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Are you ready for networking in the cloud?

Jim Metzler | Nov. 1, 2011
The two primary forms of public cloud computing, Infrastructure-as-a-Service (IaaS) and Software-as-a-Service (SaaS), are both growing dramatically in popularity. Over the last few years, the primary focus of the IaaS providers has been on offering the basic compute and storage resources required to run applications.

However, just as important is whether the solution actually provides the benefits that drive IT organizations to use public cloud computing solutions. The primary benefit of using a public cloud computing solution is lower cost.

The cost information provided by the service provider should give the IT organization all the information it needs to determine whether or not the CNS provides a compelling cost advantage.

The second most important benefit is being able to reduce the time it takes to deploy new functionality. One way for an IT organization to evaluate the agility of a cloud service provider is to identify the degree to which the vendor has virtualized their entire data center infrastructure.

For example, have they implemented virtual networking functionality such as that provided by Vyatta? Virtualization is important because a virtual infrastructure is notably easier to initialize, scale and migrate than a physical infrastructure is.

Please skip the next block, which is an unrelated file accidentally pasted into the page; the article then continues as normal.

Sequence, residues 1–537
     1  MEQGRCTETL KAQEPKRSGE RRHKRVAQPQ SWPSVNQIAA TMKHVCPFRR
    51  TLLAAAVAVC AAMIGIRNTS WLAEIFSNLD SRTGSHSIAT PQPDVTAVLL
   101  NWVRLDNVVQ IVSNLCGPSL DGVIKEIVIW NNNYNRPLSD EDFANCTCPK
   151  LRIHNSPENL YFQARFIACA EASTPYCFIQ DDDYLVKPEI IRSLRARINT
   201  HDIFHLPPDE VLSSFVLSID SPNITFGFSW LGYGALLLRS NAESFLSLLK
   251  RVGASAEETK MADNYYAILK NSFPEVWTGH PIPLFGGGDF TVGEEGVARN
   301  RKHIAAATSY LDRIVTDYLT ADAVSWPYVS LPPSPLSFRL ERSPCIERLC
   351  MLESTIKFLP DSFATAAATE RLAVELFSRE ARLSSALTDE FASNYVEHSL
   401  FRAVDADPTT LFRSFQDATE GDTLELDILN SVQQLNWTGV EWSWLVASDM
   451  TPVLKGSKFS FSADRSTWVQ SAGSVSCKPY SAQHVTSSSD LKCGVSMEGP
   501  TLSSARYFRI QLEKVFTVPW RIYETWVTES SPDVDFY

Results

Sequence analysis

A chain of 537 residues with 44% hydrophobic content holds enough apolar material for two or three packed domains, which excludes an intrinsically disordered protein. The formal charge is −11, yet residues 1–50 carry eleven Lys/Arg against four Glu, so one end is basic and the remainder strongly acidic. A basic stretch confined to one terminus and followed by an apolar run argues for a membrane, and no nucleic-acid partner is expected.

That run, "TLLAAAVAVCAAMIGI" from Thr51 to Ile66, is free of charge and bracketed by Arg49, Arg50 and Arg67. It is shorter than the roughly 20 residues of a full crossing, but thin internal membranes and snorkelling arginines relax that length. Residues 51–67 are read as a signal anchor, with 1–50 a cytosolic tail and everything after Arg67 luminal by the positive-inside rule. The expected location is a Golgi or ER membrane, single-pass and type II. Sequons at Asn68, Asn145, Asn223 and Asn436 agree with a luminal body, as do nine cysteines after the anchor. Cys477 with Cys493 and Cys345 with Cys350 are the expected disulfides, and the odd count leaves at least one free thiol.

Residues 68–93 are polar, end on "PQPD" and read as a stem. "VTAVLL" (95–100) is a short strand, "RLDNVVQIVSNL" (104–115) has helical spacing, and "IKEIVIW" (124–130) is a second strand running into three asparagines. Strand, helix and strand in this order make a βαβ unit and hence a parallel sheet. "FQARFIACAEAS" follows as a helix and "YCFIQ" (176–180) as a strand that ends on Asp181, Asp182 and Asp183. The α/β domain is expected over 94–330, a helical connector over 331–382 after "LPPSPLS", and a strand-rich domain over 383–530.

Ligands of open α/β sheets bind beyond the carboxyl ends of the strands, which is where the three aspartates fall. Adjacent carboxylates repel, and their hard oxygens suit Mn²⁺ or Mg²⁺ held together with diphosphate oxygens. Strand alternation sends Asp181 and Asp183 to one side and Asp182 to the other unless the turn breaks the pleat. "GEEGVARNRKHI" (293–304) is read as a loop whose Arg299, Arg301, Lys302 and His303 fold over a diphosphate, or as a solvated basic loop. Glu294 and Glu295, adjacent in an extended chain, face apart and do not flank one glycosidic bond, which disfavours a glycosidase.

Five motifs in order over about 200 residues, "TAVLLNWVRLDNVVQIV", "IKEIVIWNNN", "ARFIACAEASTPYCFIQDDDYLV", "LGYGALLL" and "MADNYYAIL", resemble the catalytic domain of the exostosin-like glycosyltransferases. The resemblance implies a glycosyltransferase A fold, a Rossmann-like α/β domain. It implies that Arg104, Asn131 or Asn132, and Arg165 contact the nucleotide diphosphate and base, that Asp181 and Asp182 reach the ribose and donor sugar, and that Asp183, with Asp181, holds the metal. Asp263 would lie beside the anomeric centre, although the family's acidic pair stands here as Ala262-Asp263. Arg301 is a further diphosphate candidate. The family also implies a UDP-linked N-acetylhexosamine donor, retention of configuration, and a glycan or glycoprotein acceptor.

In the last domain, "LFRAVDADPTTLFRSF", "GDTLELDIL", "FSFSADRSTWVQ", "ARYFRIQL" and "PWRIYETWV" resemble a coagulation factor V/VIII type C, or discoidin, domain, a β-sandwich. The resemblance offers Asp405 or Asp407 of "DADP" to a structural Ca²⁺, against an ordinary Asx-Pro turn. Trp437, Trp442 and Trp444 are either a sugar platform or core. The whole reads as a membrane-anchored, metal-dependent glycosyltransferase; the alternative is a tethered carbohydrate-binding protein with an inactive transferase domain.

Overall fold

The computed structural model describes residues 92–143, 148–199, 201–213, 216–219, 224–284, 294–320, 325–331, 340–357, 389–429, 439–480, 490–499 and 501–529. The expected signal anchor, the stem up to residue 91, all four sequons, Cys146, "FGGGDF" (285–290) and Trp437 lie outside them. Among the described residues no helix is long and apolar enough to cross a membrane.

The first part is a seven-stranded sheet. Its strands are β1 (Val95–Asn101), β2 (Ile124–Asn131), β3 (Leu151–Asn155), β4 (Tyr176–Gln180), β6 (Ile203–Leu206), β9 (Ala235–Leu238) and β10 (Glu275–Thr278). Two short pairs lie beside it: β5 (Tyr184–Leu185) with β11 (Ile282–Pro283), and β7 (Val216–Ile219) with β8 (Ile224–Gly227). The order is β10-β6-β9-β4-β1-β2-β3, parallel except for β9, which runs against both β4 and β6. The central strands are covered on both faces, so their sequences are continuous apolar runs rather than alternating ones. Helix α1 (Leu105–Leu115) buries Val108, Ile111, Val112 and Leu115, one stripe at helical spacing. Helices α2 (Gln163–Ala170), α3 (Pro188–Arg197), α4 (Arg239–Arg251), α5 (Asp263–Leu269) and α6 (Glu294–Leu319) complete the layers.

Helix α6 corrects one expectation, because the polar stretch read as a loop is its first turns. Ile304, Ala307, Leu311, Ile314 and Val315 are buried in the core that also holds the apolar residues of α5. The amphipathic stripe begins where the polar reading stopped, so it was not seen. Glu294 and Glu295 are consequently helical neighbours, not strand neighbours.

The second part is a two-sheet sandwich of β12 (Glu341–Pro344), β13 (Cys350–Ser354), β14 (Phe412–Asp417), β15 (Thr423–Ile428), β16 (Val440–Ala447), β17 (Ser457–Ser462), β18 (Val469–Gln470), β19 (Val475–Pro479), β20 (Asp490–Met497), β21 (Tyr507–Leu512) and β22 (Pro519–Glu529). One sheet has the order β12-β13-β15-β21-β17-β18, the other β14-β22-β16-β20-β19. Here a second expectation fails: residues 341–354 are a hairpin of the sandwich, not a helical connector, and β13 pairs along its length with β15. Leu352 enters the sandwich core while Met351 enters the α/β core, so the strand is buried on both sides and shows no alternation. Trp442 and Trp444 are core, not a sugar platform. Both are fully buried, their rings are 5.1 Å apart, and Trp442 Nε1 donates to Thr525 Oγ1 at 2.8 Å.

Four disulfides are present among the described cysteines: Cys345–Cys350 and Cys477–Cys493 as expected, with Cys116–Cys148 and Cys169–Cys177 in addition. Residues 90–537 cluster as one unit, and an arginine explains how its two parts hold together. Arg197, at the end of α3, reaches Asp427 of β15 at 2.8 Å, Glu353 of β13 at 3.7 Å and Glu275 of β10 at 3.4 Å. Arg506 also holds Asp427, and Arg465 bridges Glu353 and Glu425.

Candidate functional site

Representative solutions

IT organizations have expressed more interest in VoIP and unified communications (UC) than they have in any other form of CNS, according to our research. For example, Fonality is a company that is focused on small to midsized businesses and has already delivered more than 2 billion phone calls across the cloud.

While having numerous providers can result in benefits to consumers, it also creates some challenges. These challenges include the fact that providers tend to use different names for their services, have notably different business models and offer a very wide range of functionality - everything from basic telephony to call center support to HD voice.

The primary role of a CNS that offers network and application optimization is to provide functionality similar to what is provided by premise based WAN optimization controllers. Virtela is an example of a CNS provider that offers optimization as well as other services, including security and management.

There are three distinct use cases for this class of CNS. As with any CNS, one use case is that the CNS provides all of the promised benefits of public cloud computing. The second use case is that the utilization of this class of CNS enables an IT organization to optimize the performance of applications delivered to mobile users without having to deploy software on each mobile device. The third use case is that this class of CNS enables an IT organization to optimize the performance of other services obtained from a service provider, such as VoIP or desktop virtualization.

IBM's recent X-Force 2010 Trend and Risk Report documents a 27% increase in security vulnerabilities in 2010 vs. 2009 and stated that "Web applications accounted for nearly half of vulnerabilities disclosed in 2010."

 

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